What drives biodiversity patterns? Using long-term multi-disciplinary data to discern centennial-scale change

Research output: Contribution to journalArticlepeer-review

Authors

  • Jessie Woodbridge
  • Ralph Fyfe
  • Ruth Pelling
  • Anne de Vareilles
  • Robert Batchelor
  • Andrew Bevan
  • Althea Davies

Colleges, School and Institutes

External organisations

  • School of Geography, Earth and Environmental Science, Plymouth University
  • Historic England
  • School of Archaeology, University of Reading
  • University College London
  • Univ St Andrews

Abstract

Abstract
1. Biodiversity plays an important role in ecosystem functioning, habitat recovery
following disturbance and resilience to global environmental change. Long-term
ecological records can be used to explore biodiversity patterns and trends over
centennial to multi-millennial time-scales across broad regions. Fossil pollen grainspreserved in sediment over millennia reflect palynological richness and diversity, which relates to changes in landscape diversity. Other long-term environmental data, such as fossil insects, palaeoclimate and archaeologically inferred palaeodemographic (population) data, hold potential to address questions about the drivers and consequences of diversity change when combined with fossil pollen records.
2. This study tests a model of Holocene palynological diversity change through a
synthesis of pollen and insect records from across the British Isles along with palaeodemographic trends and palaeoclimate records. We demonstrate relationships between human population change, insect faunal group turnover, palynological diversity and climate trends through the Holocene.
3. Notable increases in population at the start of the British Neolithic (~6,000 calendar years before present [bp]) and Bronze Age (~4,200 bp) coincided with the loss of forests, increased agricultural activity and changes in insect faunal groups to species associated with human land use. Pollen diversity and evenness increased, most notably since the Bronze Age, as landscapes became more open and heterogeneous. However, regionally distinctive patterns are also evident within the context of these broad-scale trends. Palynological diversity is correlated with population while diversity and population are correlated with some climate datasets during certain time periods (e.g. Greenland temperature in the mid-late Holocene).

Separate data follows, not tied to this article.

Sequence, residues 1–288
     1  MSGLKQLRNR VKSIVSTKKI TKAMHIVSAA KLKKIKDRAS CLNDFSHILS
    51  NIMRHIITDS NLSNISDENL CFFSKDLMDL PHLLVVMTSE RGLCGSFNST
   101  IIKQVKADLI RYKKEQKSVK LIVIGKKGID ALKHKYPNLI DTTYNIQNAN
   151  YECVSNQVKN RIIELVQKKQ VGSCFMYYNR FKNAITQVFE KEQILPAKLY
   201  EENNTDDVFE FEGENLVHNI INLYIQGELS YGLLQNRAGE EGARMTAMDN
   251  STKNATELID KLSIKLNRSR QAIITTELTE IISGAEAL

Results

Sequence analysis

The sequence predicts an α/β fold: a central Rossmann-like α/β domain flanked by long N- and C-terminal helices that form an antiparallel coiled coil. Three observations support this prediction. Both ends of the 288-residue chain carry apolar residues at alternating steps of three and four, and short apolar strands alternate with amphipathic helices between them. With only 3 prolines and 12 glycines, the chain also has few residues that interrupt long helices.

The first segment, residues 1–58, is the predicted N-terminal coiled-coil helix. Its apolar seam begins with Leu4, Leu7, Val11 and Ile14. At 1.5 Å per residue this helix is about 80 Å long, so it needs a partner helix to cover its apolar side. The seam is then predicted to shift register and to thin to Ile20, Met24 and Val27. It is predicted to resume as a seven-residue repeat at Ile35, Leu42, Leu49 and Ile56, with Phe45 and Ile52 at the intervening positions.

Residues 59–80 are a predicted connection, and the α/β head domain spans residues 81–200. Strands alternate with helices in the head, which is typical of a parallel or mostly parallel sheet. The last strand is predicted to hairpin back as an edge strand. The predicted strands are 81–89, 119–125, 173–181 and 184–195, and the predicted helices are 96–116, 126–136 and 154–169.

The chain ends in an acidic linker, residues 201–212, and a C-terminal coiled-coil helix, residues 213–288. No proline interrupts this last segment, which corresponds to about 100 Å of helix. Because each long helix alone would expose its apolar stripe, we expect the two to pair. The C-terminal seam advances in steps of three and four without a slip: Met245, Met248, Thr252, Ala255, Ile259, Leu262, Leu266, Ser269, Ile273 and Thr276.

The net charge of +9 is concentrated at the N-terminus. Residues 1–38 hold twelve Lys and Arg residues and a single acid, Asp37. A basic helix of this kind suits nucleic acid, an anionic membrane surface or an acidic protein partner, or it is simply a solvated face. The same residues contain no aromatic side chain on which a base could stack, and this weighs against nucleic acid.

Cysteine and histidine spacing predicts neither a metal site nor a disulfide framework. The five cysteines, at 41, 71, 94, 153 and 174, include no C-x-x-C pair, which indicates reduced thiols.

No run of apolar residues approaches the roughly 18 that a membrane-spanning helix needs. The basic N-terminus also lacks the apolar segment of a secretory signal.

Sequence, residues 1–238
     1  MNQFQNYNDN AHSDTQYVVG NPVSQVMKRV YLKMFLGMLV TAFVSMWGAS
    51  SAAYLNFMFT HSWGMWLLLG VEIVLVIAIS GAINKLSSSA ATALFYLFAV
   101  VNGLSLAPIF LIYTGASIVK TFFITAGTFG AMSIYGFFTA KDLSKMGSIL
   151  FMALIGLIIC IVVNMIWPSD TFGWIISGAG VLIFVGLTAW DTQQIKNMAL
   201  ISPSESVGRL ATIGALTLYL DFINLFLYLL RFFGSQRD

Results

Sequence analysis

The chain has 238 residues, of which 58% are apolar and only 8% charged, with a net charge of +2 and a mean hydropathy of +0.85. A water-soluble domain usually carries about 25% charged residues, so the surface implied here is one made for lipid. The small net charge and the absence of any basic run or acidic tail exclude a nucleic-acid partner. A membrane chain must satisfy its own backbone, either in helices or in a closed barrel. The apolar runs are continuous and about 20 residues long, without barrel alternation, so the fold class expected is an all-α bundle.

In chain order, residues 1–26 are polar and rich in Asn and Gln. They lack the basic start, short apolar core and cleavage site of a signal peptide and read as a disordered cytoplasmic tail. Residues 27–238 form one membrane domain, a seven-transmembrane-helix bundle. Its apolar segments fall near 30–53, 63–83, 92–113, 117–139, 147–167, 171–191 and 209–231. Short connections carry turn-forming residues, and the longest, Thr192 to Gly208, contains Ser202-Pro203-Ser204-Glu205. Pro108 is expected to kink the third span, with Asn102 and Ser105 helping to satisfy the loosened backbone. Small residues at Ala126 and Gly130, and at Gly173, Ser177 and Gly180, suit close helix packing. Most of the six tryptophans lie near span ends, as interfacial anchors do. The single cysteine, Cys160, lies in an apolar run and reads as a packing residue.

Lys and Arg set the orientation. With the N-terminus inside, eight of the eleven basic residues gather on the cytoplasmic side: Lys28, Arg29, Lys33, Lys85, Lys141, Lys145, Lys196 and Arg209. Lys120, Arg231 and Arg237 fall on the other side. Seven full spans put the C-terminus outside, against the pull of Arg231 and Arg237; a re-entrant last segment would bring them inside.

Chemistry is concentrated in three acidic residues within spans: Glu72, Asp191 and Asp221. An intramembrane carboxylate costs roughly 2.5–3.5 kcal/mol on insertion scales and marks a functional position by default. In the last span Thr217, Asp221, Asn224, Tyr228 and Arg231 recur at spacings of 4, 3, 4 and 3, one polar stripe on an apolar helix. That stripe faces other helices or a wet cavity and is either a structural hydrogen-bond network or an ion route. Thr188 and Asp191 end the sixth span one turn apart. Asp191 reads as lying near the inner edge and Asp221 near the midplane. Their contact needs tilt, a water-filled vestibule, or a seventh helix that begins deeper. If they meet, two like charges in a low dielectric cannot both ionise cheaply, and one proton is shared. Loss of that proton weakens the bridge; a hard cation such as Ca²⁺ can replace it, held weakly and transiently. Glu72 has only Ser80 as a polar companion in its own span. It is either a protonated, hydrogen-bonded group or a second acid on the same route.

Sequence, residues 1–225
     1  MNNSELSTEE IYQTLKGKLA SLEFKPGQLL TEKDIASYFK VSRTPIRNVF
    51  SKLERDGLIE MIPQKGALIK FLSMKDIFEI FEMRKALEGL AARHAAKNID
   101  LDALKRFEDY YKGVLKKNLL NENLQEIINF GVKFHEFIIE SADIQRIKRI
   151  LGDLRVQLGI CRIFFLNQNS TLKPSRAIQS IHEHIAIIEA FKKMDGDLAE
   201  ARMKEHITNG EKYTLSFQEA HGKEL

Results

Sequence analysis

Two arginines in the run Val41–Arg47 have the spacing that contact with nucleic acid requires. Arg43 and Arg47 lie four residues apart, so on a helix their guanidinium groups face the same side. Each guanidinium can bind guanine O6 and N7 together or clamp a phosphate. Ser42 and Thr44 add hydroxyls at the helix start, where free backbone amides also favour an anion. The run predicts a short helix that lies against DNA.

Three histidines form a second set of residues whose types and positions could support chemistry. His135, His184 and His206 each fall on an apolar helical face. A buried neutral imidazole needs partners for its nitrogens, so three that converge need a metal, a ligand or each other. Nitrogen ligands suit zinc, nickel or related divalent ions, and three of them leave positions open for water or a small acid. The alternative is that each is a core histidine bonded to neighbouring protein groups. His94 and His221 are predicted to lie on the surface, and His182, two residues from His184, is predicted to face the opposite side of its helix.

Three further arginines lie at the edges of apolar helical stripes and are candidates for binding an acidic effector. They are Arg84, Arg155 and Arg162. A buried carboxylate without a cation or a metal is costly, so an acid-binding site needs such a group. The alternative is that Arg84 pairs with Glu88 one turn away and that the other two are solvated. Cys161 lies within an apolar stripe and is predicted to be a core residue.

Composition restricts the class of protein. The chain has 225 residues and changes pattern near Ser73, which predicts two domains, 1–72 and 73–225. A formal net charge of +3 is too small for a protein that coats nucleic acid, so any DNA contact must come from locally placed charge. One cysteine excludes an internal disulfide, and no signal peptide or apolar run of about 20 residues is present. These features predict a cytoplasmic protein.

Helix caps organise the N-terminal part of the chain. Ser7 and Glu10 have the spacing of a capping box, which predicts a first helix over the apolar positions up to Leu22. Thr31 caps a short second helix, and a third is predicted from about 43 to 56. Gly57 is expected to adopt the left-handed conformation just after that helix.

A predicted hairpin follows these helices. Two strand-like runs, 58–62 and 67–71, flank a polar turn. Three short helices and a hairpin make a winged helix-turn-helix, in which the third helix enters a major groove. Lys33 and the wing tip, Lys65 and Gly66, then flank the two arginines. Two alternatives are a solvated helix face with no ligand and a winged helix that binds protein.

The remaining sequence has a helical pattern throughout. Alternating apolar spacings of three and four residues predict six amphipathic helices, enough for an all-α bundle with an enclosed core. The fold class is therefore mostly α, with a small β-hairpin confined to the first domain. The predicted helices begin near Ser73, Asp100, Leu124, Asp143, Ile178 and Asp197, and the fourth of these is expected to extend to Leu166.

4. Synthesis. This study has demonstrated that early human societies contributed to shaping palynological diversity patterns over millennia within the context of broader climatic influences upon vegetation. The connections between population and palynological diversity become increasingly significant in the later Holocene, implying intensifying impacts of human activity, which may override climatic effects. Patterns of palynological diversity trends are regionally variable and do not always follow expected trajectories. To fully understand the long-term drivers of biodiversity change on regionally relevant ecological and management scales, future research needs to focus on amalgamating diverse data types, along with multi-community efforts to harmonise data across broad regions.

Details

Original languageEnglish
Pages (from-to)1396-1410
Number of pages15
JournalJournal of Ecology
Volume109
Issue number3
Early online date19 Dec 2020
Publication statusPublished - 9 Mar 2021